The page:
What is the difference between avoidance and removal carbon credits?

An avoidance carbon credit represents one ton of CO2 not emitted due to the deployment of a project. These projects can issue avoidance carbon credits, also known as carbon offsets, to finance themselves. Here are a few examples:

  • A biomethanization unit produces biomethane with a very low carbon footprint and injects it into the gas network instead of fossil natural gas.
  • An electronic devices reconditioning center enables the introduction of devices with a very low carbon footprint into the market as a substitute for new electronic devices.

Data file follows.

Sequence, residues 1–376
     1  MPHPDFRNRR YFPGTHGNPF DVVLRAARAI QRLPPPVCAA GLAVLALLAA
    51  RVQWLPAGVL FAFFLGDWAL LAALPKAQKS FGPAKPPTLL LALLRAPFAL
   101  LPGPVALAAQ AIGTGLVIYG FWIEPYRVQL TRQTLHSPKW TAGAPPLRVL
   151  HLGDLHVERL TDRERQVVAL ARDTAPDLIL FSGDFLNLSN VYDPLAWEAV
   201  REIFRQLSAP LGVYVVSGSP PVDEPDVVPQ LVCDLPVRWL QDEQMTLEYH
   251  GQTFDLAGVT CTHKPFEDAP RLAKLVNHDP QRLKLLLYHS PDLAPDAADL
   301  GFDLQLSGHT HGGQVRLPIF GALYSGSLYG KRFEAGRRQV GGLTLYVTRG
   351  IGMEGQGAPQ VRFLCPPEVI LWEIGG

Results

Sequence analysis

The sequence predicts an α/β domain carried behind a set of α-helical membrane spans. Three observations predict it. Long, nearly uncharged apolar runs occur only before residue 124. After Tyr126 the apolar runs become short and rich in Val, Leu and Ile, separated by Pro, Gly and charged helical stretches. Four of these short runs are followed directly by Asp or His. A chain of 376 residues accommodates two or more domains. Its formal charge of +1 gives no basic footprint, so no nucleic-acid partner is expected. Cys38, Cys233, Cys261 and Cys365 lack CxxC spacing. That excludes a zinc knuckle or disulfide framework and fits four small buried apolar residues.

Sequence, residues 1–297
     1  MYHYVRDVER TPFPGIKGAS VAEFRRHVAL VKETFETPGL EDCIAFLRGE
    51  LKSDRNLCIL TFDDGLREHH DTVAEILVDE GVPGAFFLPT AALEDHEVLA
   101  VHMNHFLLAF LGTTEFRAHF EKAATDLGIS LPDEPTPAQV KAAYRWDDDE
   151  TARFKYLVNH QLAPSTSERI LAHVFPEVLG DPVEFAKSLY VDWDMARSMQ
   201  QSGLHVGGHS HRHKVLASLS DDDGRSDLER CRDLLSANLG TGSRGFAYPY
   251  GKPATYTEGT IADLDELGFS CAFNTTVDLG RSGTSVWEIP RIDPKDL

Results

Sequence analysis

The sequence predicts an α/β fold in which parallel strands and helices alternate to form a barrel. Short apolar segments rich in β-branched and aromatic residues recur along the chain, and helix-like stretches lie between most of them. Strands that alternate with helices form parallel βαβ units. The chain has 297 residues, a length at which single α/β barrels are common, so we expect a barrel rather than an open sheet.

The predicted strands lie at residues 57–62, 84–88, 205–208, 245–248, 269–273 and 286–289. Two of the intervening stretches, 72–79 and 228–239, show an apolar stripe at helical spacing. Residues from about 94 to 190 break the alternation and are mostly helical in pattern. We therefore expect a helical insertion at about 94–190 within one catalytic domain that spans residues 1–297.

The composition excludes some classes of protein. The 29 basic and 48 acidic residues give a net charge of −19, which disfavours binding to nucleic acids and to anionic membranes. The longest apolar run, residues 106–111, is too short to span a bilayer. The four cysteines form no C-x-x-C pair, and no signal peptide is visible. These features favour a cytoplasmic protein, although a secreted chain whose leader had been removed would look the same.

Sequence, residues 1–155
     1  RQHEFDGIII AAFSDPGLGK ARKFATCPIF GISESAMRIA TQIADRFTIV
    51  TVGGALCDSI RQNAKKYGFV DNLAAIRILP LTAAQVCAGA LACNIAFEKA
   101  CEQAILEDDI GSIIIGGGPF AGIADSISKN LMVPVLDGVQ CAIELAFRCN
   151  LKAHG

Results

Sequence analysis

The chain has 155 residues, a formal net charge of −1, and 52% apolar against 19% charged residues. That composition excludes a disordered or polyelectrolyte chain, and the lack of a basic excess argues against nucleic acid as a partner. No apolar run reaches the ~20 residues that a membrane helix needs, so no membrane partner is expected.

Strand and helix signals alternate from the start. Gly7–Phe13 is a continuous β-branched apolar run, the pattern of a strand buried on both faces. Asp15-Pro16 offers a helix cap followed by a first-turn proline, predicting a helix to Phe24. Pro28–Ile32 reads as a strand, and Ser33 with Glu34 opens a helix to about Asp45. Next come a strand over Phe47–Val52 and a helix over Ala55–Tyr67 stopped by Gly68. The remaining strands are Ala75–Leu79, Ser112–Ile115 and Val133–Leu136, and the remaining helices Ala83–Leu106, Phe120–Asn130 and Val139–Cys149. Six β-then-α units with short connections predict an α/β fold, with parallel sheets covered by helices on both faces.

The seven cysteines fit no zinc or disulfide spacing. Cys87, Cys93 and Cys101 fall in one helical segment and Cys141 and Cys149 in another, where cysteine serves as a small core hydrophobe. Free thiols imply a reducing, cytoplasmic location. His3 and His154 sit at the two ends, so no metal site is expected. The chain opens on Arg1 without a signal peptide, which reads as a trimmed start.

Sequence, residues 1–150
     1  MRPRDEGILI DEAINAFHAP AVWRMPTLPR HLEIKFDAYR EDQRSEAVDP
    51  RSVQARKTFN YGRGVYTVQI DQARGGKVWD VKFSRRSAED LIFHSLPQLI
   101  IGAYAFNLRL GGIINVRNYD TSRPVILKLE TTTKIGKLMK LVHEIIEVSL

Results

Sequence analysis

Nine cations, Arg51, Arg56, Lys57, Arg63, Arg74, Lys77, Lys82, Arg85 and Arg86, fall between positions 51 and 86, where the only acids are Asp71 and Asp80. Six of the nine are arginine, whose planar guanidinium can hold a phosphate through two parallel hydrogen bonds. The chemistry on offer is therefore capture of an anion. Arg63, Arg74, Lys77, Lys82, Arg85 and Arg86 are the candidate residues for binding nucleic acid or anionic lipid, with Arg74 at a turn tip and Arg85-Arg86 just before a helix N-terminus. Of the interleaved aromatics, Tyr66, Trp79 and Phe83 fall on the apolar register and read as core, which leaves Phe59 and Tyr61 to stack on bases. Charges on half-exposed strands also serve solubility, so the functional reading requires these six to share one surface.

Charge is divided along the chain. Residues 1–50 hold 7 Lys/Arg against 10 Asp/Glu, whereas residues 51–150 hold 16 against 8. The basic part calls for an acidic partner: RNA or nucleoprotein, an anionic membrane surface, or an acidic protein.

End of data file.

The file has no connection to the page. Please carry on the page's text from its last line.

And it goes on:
• Low-carbon construction materials made of raw earth can replace cement and steel in many construction projects and prevent significant emissions.

A removal carbon credit represents one ton of CO2 removed from the atmosphere for +100 years. These projects are mostly funded by carbon removal, and their price depends heavily on permanence, which refers to the duration of carbon storage. Here are some examples:

  • Biobased Concrete can be a removal project, if the storage commitment period can be up to 100 years.
  • Storage in soil, thanks to biochar, for instance, is also growing in popularity with a medium permanence.
  • Geological storage with solutions like DAC is relatively new but has potential and the longest permanence.